A Century of Prices and the U.S. Economy
I'm a big fan of classic stock market literature. I think it's fascinating to read how the old-timers operated in the market and what they thought of the market situation of their day. I recently finished one such insightful volume entitled "A Century of Prices" (by Theodore Burton and G.C. Selden, first published in 1919 and available from Fraser Publishing Co, Burlington, VT). I came away from this incisive work with some idea that can be applied to our current stock market/commodities/economic situation, which I'd like to share.
There are several lessons to be learned from this little book. One is the relationship of interest rates to the stock market and how the one can be used to discover major turning points in the other. But the main lesson to be learned from this work, which covers U.S. price history all the way back to the late 1700s, is the influence of major wars on the stock and commodity markets.
What specifically is this lesson? The lesson is that major wars (defined as any military conflict lasting at least 3-4 years or longer) almost without exception bring about rises in the general price levels of stocks and commodities -- and by extension the general economy -- lasting from 5-7 years. Minor wars (skirmishes lasting only 1-2 years or less) do not typically have much lasting impact on price levels or the economy.
Moreover, the level of financial commitment in the first year or so of the war will usually determine in advance whether the conflict will be of a long-term (i.e., major) or a temporary (i.e., minor) nature. This level of commitment can be seen in the relative levels of government spending in the first 12 months of the war, including the months immediately preceding the declaration of war. This principle has obviously application to our current situation as the war on Iraq wages on past the one-year anniversary. More importantly, the price tag for 2003 of the war has been announced at $87 billion, and the Fed as injected $1 trillion in liquidity in the banking system in the past year. This strongly suggests that the war will likely be long-term as opposed to a merely temporary one.
What then can be expected of stock and commodity prices in the 1-2 years ahead? Based on the history uncovered in "A Century of Prices" they can be expected to continue rising overall. This means the U.S. economy will likely be "sustained" over the next few years despite the loudest grumblings of the bears to the contrary. Let's take a closer look at the market internals, as well as past history, to try and gain a better perspective on this.
The first things to usually bottom among commodities ahead of a major war effort are steel and copper prices. For obvious reasons, steel, copper and other base metals are in tremendous demand during wars and rising prices for these commodities are normal in time of war. In turn, strength for steel and copper prices precedes general economic strength. For instance, after the depths of the Great Depression in 1933, steel and copper prices rallied into the end of the decade along with most other commodities. This was obviously a precursor to World War II, as well as a reaction to the enormous re-liquification of the markets in an attempt to rescue the economy from the Depression. Are we witnessing a repeat of the 1930s today (replete with re-liquification and war-related spending)? You bet!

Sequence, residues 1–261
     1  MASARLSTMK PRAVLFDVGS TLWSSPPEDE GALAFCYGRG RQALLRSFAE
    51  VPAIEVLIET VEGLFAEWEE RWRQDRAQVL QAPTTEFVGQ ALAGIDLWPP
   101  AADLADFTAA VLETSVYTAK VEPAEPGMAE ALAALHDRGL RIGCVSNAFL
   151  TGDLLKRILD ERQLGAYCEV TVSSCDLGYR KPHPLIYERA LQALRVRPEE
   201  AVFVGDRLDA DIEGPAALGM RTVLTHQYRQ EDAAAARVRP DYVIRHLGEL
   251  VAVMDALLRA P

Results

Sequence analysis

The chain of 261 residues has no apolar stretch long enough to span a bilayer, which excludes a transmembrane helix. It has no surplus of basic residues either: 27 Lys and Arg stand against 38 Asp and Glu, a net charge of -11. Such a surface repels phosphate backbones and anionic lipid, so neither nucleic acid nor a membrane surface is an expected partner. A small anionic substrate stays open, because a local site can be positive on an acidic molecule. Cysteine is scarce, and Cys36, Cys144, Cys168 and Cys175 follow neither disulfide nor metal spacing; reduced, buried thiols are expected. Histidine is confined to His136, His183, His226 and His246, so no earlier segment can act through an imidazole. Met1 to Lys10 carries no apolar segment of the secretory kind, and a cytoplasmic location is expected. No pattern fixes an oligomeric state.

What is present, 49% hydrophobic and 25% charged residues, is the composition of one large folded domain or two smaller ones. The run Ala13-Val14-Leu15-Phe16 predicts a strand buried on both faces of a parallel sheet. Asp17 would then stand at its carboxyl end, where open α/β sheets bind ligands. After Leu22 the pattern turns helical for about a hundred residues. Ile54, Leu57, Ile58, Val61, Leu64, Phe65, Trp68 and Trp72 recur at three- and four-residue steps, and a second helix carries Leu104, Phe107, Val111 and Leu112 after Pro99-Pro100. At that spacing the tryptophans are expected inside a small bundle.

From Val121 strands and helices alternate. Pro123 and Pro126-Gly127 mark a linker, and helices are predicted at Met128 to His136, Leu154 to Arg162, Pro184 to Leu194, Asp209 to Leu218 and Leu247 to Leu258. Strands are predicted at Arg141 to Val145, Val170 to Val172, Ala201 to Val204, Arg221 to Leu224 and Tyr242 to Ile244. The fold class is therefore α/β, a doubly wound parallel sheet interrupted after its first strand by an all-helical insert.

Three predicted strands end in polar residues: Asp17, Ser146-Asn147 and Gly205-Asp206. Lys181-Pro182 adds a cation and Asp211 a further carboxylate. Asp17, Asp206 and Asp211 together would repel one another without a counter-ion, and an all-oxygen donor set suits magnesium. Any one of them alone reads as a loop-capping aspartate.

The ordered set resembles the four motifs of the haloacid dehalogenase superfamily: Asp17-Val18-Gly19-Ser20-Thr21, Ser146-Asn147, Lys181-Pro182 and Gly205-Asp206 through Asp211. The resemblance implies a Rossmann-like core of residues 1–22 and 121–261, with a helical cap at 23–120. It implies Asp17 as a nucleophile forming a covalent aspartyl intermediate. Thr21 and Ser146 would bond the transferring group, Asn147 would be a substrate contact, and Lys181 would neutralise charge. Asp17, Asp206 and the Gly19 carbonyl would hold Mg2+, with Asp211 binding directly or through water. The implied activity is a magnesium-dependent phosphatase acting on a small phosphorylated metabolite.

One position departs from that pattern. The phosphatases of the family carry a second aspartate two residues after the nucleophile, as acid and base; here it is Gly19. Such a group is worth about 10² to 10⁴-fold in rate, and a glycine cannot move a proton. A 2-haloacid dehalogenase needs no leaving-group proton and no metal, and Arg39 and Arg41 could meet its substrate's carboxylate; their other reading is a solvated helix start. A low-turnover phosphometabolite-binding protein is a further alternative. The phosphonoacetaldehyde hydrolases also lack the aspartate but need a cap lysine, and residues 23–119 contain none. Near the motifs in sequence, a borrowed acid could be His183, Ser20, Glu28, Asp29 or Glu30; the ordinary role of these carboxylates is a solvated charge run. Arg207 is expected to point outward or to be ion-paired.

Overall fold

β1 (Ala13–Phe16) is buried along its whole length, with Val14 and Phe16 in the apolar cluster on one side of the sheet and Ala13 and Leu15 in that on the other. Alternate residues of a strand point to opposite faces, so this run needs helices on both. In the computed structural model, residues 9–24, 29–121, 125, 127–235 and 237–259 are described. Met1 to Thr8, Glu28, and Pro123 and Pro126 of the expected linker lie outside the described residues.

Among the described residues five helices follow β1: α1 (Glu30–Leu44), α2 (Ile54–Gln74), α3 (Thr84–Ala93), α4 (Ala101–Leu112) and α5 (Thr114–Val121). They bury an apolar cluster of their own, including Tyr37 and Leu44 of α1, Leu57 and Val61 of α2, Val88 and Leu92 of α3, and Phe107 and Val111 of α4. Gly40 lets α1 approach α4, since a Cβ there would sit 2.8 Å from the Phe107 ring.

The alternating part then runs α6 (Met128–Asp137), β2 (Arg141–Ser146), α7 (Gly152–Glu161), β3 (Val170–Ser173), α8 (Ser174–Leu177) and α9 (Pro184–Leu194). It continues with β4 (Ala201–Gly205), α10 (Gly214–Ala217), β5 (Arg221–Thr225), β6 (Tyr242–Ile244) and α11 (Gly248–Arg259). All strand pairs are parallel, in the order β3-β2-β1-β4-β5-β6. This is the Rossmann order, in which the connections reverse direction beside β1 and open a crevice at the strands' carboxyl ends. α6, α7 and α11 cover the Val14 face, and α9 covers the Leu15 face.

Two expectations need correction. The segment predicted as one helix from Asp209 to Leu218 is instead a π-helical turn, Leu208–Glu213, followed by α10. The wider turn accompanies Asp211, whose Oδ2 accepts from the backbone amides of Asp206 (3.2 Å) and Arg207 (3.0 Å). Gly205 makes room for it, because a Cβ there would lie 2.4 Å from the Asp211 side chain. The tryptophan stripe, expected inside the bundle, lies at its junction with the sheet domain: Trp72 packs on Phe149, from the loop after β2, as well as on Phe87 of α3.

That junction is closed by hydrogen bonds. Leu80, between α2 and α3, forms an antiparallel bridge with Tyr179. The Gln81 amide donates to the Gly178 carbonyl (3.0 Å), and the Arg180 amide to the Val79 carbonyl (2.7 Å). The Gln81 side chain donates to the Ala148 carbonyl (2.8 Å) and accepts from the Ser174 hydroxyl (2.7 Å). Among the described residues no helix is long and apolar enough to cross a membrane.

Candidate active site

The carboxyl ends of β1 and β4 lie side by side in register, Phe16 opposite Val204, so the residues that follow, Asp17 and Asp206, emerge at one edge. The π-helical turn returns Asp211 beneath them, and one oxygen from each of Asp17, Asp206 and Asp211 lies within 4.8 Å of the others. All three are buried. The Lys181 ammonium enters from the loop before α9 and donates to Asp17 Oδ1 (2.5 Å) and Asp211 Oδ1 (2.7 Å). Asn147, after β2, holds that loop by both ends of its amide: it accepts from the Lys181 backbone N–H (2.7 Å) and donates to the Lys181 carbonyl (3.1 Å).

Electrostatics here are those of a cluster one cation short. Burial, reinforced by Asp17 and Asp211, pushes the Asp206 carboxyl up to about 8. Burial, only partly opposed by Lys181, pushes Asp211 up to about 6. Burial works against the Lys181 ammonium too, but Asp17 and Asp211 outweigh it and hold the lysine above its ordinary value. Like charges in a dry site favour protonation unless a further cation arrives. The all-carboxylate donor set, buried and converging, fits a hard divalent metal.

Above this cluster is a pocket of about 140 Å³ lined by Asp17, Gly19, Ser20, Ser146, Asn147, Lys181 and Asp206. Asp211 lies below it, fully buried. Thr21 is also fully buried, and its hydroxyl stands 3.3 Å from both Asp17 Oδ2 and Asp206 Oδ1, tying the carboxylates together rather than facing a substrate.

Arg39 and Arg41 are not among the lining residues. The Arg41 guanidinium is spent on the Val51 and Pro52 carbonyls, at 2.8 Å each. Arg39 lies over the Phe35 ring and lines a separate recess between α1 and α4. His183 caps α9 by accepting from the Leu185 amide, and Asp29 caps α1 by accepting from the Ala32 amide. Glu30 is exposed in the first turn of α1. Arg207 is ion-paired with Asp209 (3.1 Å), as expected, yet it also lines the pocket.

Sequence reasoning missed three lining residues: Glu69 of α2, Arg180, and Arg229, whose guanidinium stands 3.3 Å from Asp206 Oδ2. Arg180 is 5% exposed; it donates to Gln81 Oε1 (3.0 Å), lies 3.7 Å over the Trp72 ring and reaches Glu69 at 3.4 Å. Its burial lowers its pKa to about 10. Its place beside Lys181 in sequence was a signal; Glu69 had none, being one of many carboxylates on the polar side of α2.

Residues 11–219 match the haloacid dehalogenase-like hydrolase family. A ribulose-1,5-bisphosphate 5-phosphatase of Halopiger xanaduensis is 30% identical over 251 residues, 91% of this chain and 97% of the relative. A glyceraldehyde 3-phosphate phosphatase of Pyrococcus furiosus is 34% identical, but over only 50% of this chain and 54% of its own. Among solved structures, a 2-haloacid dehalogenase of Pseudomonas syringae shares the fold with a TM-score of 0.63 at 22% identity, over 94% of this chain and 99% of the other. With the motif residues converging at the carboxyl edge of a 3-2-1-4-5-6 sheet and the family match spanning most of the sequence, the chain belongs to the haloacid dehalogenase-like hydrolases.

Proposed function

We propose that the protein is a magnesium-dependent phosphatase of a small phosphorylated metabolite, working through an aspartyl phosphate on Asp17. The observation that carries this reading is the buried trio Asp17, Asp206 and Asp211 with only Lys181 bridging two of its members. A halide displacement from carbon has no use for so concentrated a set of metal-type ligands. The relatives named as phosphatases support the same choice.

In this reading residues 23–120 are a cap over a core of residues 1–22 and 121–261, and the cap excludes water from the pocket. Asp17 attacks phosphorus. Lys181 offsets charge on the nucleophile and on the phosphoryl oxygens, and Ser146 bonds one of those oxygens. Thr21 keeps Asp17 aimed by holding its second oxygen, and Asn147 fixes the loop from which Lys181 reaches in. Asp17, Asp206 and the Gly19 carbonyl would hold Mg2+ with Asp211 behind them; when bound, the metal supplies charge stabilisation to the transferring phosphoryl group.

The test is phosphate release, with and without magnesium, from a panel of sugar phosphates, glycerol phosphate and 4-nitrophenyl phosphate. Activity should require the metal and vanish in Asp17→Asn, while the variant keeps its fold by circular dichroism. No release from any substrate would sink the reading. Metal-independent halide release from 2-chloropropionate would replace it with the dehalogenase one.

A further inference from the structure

A recent edition of the London Financial Times discussed the revival of the worldwide iron and steel industry, including right here in the U.S. That's right, the long-defunct U.S. steel industry is making a comeback! International Steel Group (ISG) has been leading this "Rebirth of American Steel" by picking up nearly 40 bankrupt steel companies in the past five years. According to a recent special report by metal consultancy group World Steel Dynamics, ISG has taken an "uncompetitive array of steel plants" in bankruptcy and transformed them into "one of the world's best-positioned steelmakers." This after many pundits had long since pronounced the U.S. steel industry "dead." According to the message of "A Century of Prices," no major economic revival can begin without a revival in steel and other industrial metals. Neither can a major war be fought without it. Lo and behold, we are witnessing this revival in the metals, which bodes well for the U.S. economy in the years immediately ahead.
"A Century of Prices" also shows us that the middle part of a decade where a major war is fought is bullish without exception. We also know that the "fifth" year of every decade is always bullish, too. So might we expect a continuation of the stock/commodities bull market in 2005? Those market forecasters calling for a market crash and economic recession in 2005 had better re-think their positions based on the assumption that history repeats.
"A Century of Prices" shows us that we can definitely take a page right out of the past and learn from generations gone by. History really does repeat, and this basic lesson comes alive in the pages of this book.